The United States and Europe are poised to seek harsher U.N. financial sanctions against Iran if it fails to meet this weekend's deadline to accept an international offer of negotiations in exchange for freezing its nuclear program, diplomats said Friday.
It's uncertain how, or even whether, Iran will formally respond to the offer. Authorities in Tehran have given no sign that they're willing to accept the offer of a “freeze for a freeze” – to cap Iran's uranium enrichment at current levels in exchange for a moratorium on further sanctions against it.
A snub by Iran could open a new chapter in the long-running confrontation as President Bush enters his final months in office. While diplomats plan to push for new sanctions, Israel's leaders and Bush administration hawks, led by Vice President Dick Cheney, argue that military strikes against Iran's nuclear facilities must be considered.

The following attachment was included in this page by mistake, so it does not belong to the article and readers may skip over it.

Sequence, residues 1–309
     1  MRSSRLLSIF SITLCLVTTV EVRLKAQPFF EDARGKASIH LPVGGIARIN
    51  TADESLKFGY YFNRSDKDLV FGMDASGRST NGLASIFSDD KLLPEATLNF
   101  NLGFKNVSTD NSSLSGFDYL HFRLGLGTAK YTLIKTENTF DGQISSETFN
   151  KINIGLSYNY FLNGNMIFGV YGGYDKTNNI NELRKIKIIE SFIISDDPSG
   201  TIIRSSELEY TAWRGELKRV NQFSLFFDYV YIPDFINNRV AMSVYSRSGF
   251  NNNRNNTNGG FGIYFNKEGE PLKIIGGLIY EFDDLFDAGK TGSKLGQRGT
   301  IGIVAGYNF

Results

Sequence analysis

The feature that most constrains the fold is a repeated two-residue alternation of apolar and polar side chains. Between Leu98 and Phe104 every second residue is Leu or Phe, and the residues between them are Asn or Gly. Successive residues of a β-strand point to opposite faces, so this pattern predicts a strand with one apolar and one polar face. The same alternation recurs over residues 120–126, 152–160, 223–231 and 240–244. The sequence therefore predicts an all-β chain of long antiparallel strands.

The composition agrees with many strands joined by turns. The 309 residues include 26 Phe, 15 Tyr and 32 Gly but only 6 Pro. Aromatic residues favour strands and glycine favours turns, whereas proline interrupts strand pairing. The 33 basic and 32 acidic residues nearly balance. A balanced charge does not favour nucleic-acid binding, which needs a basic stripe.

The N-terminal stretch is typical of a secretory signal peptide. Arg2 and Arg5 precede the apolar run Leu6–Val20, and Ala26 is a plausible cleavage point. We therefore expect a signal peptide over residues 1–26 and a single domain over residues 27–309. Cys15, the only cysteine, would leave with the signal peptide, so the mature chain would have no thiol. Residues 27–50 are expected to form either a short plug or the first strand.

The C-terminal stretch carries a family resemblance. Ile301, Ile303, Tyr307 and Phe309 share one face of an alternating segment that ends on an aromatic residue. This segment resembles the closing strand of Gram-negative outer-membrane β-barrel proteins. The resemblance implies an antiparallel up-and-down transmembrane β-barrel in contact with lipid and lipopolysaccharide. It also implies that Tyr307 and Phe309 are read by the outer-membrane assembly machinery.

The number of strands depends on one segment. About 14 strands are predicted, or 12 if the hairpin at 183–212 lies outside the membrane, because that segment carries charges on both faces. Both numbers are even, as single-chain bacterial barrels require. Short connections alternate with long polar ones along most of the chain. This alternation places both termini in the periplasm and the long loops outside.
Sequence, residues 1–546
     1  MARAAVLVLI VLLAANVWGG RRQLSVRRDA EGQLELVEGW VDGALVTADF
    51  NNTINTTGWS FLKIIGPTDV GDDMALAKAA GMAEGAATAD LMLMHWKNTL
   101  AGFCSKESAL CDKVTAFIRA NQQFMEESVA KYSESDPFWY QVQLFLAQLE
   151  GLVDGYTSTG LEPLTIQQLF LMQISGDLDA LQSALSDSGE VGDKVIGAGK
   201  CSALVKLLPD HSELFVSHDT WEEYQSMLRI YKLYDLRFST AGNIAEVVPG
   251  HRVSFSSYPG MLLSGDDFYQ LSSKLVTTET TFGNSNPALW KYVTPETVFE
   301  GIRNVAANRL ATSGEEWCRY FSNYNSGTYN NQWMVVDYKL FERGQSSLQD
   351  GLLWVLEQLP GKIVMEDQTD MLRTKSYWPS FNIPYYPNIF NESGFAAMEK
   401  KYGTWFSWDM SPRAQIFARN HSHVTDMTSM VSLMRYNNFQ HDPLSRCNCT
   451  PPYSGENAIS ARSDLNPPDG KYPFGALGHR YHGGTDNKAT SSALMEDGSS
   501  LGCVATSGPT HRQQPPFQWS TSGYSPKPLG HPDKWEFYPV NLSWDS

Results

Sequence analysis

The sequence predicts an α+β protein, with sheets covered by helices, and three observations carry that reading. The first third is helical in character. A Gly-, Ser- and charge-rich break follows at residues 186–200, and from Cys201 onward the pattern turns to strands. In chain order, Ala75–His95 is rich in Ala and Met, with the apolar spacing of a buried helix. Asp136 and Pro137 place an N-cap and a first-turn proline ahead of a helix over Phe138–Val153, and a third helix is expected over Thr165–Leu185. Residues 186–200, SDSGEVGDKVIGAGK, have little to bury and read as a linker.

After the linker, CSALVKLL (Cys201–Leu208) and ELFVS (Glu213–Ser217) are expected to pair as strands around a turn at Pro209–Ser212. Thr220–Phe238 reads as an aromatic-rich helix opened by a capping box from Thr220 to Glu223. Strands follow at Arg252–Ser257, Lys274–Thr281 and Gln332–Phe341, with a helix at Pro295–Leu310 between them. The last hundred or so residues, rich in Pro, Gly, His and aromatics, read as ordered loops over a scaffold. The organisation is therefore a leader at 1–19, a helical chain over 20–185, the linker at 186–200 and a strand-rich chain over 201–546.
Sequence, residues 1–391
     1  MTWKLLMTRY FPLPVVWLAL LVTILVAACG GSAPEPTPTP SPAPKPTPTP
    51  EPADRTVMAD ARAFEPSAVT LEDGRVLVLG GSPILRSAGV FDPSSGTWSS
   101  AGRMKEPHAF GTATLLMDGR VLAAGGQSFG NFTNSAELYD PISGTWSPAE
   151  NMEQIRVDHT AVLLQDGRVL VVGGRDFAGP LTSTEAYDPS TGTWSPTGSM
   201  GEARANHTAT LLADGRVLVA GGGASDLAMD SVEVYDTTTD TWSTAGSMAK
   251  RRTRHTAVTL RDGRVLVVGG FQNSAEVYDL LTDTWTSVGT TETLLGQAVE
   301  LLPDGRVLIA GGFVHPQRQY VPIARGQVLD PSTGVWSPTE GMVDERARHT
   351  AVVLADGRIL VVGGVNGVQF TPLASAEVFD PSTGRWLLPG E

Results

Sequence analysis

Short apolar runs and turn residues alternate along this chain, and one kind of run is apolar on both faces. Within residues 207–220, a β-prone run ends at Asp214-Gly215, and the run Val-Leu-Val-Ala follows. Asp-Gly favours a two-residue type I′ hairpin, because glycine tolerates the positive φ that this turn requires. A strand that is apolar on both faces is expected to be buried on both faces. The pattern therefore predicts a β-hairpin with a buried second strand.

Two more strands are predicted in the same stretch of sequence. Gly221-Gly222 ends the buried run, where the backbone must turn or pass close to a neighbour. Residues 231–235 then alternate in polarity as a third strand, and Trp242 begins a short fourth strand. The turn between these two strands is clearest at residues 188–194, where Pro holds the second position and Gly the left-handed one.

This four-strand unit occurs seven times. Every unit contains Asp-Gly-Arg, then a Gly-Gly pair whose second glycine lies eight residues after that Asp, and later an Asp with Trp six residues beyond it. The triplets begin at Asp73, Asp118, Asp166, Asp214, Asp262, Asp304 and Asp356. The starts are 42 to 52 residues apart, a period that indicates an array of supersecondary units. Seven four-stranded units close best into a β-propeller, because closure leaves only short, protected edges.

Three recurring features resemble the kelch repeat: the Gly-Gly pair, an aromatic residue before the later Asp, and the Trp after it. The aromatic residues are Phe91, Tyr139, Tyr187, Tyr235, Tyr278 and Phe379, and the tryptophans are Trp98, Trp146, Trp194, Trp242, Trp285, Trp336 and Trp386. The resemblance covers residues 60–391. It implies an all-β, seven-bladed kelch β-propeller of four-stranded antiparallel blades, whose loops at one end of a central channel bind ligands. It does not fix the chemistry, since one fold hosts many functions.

“It's clear (Iran) has not complied with the international community's demand to stop enriching uranium. We, the United States, will work with our allies to come up with another resolution in the Security Council,” Richard Grenell, a spokesman for the U.S. mission to the United Nations, told McClatchy.
What new sanctions will be sought hasn't yet been decided, U.S. and European officials said. In the past, it's sometimes taken months to get agreement on new U.N. action from China and Russia, who are unenthusiastic about sanctions.
One idea is to target Iran's reliance on imported gasoline and other petroleum products.
The international community offered the “freeze for a freeze” to Iran two weeks ago at a Geneva meeting in which a senior U.S. diplomat, Undersecretary of State William Burns, was present for nuclear talks for the first time.
Israeli Deputy Prime Minister Shaul Mofaz warned Friday that Iran is on the verge of a nuclear breakthrough.
“The window of influence is becoming smaller and, I believe, is about to close,” said Mofaz, a possible candidate to replace outgoing Prime Minister Ehud Olmert.
“Even diplomacy has its limits,” he said at an appearance at the Washington Institute for Near East Policy. Jonathan S. Landay contributed.